ERED BANK – Anyone who doubts Two River Theater Company’s commitment to Red Bank and the surrounding community should try to get a ticket to one of the “As You Like It” student matinees.
They have been sold out for weeks and the kids lucky enough to hold tickets are in for a treat.
The anxieties of the play’s young characters have not altered a bit since Shakespeare, who knew everything about everything, wrote about them 400 years ago. Every student and every elder with a memory will see themselves in it.
More than 50 percent prose, “As You Like It” is highly accessible, and Two River’s staging is clear, expansive and very funny. Modern dress strips it of some visual appeal, but set largely in a forest, casual costuming is, I guess, appropriate (“casual” being a generous description).
Rosalind, smitten with winning-wrestler Orlando, is banished with her father, Duke Senior, to the Forest of Arden. There, she masquerades as a man and proceeds to tutor the deceived and equally love-struck Orlando in the art of courtship. Sundry other couples provide rustic comedy, until, as you might guess, there’s a happily-ever-after ending.
Simple, yes; but hardly simple-minded. “As You Like It” is layered with romance, music and wit from the sublime to the bawdy. Director Michael Sexton mines those elements with great success and also, aided by some wonderful performances, reveals a facet of the play that had eluded me until now.
The centerpiece might be Rosalind and Orlando’s intricate path to one another, but the play is also about girlfriends. Rosalind’s cousin, Celia, accompanies her into exile. “Pronounce that sentence now on me,” she tells her father, Duke Frederick, after he banishes Rosalind. “I cannot live out of her company.” There could not be a closer couple of gal pals than the heartwarming portrayals by Miriam A. Hyman (Rosalind) and Sara Topham (Celia).
As many productions as I’ve seen, I’ve never been as much aware of the deep empathy and emotional bond that the cousins share. BFFs for sure. (The girls in the student groups will love them.)
Could Ms. Hyman’s terrific impression of a hipster guy be too good? The pretense is as polished as if the character had rehearsed it. Orlando questions Ganymede’s accent as “something finer” than a forest dweller’s, but Hyman’s Ganymede speaks in the Elizabethan equivalent of neighborhood jargon, without a trace of Rosalind’s courtly origin. I missed sharing some of Rosalind’s insecurity over carrying off the deception. That noted, Hyman gets her/his laughs.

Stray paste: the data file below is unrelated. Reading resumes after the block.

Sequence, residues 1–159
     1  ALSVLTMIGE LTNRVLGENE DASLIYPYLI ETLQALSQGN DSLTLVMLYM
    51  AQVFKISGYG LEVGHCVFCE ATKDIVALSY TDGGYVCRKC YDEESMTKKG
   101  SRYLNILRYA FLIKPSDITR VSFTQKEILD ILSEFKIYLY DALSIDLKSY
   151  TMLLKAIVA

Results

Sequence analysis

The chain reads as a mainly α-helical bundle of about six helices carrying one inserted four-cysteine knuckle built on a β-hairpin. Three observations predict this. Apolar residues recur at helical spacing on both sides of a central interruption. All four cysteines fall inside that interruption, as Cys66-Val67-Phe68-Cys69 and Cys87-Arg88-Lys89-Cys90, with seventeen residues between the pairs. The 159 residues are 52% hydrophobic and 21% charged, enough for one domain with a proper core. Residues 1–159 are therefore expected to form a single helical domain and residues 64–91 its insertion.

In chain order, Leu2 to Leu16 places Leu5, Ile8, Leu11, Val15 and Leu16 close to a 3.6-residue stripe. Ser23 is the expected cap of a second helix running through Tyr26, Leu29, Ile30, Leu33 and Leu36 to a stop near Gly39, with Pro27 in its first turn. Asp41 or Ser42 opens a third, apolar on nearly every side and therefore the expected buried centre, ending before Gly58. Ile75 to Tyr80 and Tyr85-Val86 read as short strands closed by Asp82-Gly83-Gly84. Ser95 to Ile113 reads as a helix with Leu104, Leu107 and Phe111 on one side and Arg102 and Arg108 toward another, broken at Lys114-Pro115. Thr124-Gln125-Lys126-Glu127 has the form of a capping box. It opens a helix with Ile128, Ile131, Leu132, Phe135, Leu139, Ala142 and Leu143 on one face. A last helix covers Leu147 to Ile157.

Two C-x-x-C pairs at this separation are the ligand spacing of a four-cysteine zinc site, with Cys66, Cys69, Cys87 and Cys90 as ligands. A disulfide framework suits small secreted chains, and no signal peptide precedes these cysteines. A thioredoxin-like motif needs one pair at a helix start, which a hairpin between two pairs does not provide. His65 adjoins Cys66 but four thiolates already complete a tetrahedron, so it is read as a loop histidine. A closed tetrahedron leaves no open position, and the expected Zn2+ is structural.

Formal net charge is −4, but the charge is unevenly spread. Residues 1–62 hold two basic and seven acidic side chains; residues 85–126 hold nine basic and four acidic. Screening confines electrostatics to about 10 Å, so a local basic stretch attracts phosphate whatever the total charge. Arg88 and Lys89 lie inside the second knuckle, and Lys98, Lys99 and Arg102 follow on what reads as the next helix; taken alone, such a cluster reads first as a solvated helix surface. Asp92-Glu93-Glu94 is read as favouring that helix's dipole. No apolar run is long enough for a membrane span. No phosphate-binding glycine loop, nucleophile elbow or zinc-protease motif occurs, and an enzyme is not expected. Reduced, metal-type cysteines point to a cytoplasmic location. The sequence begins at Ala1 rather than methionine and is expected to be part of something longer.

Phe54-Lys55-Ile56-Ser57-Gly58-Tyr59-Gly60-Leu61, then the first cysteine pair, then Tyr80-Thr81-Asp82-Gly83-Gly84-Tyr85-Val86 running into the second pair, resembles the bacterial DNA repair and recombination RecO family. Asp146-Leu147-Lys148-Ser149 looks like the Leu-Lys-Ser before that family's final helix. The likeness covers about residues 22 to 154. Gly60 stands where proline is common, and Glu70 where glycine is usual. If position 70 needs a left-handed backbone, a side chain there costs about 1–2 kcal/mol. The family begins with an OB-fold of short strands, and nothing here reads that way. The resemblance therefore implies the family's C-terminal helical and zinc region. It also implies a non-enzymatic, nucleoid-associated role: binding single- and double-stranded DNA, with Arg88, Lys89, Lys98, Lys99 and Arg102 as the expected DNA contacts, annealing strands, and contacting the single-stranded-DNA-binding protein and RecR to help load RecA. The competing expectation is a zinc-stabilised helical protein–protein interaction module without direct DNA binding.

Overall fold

Jacob Fishel, switching gears from last season’s “Henry V,” is an appealing boyish Orlando, whose bad-guy brother, Oliver, cleaning up his act in time to find true love with Celia, is well played by Ben Diskant. Philip Goodwin is fine as both Dukes, roles that are often doubled. Brendan Titley and Myra Lucretia Taylor stand out as Rosalind’s faithful court clown Touchstone and his goatherder girlfriend Audrey.
Leighton Bryan turns in a gem as shepherdess Phoebe, who flips over Ganymede at first sight. A veritable Energizer Bunny, she’s just as girly-cute in a peasant skirt as she was grownup-glamorous last year in “Present Laughter’s” floor-length green scene-stealer. (Tilly Grimes costumed both shows.)
Duke Senior’s attending Lord Jacques (Jay-queeze: Brit, not French), is famously “melancholy,” but the imposing Geoffrey Owens’ Jacques is anything but pensive or sad. His “Seven Ages of Man” speech, delivered while strutting among the exiled Duke’s followers, is a showpiece. It’s more an oration than the rumination we’re used to, but no less worth hearing. So OK, a Jacques who’s not a downer.
Brett J. Banakis’ set design makes good use of the wide Two River stage, as does director Michael Sexton. The former’s stylized Arden-tree background leaves plenty of room for the latter’s actors to explore spatial as well as personal relations. One more note: the cast is interracial. Some of the characters are white, some black. In a good sense, it adds a dimension to the play. In an even better sense, you might not even notice.
“As You Like It,” through Feb. 16 at Two River Theater, Bridge Avenue, Red Bank. Performances are: 1 p.m. and 7 p.m. Wednesdays; 8 p.m. Thursdays and Fridays; 3 and 8 p.m. Saturdays; 3 p.m. Sundays. Student matinees are on Thursday morning. For information and tickets call 732-345-1400 or visit www.tworivertheater.org.
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